In my opinion, the following two quotes from the Descartes news release highlight the value it sees in acquiring XPS:

“We remain committed to serving the ecommerce market and we believe that scale matters. Combining with XPS adds ecommerce domain expertise, advanced parcel shipping technology and a community of more than 10,000 customers,” said Andrew Roszko, EVP Commercial Operations at Descartes. “Many of today’s small and medium ecommerce retailers will be the major enterprises of tomorrow, and our integrated ecommerce shipping and fulfillment solutions are designed to help these businesses through all phases of growth.”
“XPS complements our significant recent investments in the ecommerce fulfillment and shipping space,” said Edward J. Ryan, Descartes’ CEO. “We welcome the XPS customers, employees and partners to the Descartes community and, together, look forward to helping the community manage the full lifecycle of domestic and international ecommerce shipments.”


The Growing Logistics, Shipping, Supply Chain, and Transportation Ecosystem in the State of Silicon Slopes

By now, I suspect, it’s pretty obvious to anyone paying attention that Utah has emerged as one of global centers of the Software-as-a-Service industry, with leaders in industries ranging from experience management (Qualtrics) to education (Pluralsight), and from finance (MX) to customer communications (Podium).

To be clear, that’s just the tiniest smattering of the rapidly growing ranks of Utah-based SaaS firms serving clients across almost any industry imaginable.

In that regard, since I began researching, analyzing, and reporting on Utah’s business community over 18 months ago, I have continued to be surprised by the growing number of companies I have discovered that fall into an interesting industry grouping that includes firms in logistics, shipping, supply chain, and transportation.

The first of these was a firm I had never heard of before: Salt Lake City-based Visible Supply Chain Management (Visible SCM).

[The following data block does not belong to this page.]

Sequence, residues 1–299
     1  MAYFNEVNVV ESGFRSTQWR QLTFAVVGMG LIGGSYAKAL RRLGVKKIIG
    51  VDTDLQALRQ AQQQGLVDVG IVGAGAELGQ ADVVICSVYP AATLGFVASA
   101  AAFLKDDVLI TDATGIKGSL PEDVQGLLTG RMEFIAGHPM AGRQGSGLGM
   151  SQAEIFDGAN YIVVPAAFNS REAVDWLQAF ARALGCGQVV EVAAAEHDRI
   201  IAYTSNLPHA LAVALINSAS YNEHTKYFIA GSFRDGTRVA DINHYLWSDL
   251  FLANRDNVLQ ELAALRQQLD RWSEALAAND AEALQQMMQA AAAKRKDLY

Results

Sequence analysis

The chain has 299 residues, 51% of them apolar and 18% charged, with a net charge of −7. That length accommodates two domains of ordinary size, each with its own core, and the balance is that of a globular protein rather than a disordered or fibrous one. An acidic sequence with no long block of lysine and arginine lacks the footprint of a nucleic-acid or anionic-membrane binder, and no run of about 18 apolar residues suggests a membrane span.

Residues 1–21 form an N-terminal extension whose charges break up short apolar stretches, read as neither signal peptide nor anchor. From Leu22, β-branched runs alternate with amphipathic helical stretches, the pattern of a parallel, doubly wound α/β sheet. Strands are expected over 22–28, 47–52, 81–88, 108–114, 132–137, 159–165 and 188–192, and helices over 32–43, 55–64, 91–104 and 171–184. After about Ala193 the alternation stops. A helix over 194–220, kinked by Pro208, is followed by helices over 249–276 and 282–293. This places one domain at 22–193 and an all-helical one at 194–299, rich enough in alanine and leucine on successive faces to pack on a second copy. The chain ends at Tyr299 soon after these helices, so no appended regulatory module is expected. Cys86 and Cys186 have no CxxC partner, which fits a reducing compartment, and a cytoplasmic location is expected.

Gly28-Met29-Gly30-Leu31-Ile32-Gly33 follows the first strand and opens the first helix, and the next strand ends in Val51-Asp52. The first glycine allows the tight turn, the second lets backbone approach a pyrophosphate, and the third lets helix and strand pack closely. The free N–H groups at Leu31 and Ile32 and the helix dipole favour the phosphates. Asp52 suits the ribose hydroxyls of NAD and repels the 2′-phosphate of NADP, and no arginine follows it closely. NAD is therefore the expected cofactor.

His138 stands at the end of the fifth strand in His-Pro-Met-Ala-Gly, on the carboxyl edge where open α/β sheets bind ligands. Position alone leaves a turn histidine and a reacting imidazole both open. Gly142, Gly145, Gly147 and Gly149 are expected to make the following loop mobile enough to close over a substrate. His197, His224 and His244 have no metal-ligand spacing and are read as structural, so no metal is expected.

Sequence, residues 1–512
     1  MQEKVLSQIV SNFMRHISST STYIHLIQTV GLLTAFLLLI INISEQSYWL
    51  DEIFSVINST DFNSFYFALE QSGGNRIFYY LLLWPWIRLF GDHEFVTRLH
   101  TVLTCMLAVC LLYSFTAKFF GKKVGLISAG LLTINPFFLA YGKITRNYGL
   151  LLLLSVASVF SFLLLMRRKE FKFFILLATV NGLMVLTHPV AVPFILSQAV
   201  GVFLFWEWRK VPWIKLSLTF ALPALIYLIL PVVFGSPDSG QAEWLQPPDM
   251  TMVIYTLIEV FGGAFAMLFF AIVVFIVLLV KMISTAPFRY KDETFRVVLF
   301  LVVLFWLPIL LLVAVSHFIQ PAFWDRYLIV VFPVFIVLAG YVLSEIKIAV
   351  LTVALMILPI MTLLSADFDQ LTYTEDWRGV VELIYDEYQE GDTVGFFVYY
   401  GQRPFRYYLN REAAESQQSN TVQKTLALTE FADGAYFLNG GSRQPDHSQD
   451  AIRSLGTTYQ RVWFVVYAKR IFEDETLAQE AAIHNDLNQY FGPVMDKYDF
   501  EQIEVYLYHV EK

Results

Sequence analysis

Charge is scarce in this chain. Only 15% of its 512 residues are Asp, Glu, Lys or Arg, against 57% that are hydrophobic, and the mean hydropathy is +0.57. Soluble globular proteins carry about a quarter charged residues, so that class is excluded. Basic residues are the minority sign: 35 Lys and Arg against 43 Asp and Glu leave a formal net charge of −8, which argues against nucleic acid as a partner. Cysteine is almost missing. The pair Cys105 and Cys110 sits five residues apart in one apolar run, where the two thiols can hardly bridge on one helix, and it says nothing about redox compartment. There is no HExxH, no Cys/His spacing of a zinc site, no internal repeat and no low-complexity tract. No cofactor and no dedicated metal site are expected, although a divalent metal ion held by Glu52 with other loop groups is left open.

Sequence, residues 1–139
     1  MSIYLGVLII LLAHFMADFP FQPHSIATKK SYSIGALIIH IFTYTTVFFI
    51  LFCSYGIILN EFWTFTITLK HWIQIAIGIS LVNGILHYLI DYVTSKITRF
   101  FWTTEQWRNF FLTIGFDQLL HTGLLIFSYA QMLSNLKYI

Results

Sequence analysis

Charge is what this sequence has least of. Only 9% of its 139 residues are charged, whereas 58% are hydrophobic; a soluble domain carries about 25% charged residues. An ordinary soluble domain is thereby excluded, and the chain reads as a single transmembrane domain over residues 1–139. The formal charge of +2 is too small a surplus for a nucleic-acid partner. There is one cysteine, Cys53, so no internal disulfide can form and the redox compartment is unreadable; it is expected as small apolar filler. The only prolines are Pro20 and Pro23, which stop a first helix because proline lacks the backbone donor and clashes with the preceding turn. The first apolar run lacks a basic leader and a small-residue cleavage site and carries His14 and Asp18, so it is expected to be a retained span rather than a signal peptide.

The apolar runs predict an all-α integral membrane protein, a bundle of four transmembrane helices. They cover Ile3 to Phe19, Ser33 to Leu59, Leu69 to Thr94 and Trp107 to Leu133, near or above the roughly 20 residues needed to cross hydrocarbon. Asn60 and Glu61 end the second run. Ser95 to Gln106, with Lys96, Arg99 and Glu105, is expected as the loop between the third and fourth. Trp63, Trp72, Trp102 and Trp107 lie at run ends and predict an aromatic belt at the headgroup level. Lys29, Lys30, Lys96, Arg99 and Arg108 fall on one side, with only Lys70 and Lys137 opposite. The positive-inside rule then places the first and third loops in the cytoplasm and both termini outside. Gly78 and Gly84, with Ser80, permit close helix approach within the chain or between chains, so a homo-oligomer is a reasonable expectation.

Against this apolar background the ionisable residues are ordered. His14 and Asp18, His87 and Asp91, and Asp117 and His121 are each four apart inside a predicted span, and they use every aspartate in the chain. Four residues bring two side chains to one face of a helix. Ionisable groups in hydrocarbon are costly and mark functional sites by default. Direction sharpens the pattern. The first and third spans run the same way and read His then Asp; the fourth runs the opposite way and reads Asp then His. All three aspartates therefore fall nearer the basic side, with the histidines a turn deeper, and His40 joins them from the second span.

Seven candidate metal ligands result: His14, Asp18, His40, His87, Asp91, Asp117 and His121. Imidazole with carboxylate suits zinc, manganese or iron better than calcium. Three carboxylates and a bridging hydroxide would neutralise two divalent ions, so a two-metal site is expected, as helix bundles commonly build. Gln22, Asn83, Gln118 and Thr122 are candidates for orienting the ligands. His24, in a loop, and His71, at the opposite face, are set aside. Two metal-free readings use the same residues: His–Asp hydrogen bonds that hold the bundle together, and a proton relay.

Acquired last August by Copenhagen, Denmark-based Maersk for $838 million, Visible SCM had

  • Over 1,000 employees working at
  • Nine fulfillment centers across the U.S., where they
  • Moved over 200 million parcels annually, and
  • Produced $445 million in revenue in 2020.
Image downloaded from the Maersk website 26 June 2022.

Another firm in Utah’s emerging logistics environment that snagged my attention during the past year was Route when it announced in January it had landed a $200 million round of funding at a $1.25 billion valuation.

Lehi, Utah-based Route has seen pretty explosive growth during its relatively short, four year of life as it had

  • Landed over 11,000 partners, and
  • Tracked over 175 million packages,

as of the beginning of 2021.

And then a third example is St. George, Utah-based Zonos which I wrote about at the beginning of June in “Zonos: The 12-Year-Old St. George Tech Firm Remaking International Shipping.”

As explained in that story, 12-year-old Zonos

“now has the software in place to enable shipments to/from some 200 countries and territories around the planet, essentially to any country not currently on an embargoed list with the U.S. government.”

Zonos closed a $69 million round of Series A funding last fall, and announced in April a major contract to help support the logistics needs of the U.S. Postal Service.

The work of these three organizations is on top of things like

  • The recent opening of the upgraded Salt Lake International Airport,
  • Utah-based Breeze Airways starting flights to/from the state, and
  • Recent efforts to move the development of Inland Port forward in Salt Lake County.

My bottom line is this—I have now uncovered several dozen Utah-based organizations focused on meeting the logistics, shipping, supply chain, and transportation needs of clients everywhere.

Like Zonos.

Like Visible SCM/Maersk.

Like Route.

And yes, like XPS.

And to be honest, I suspect there are a lot more waiting to be discovered.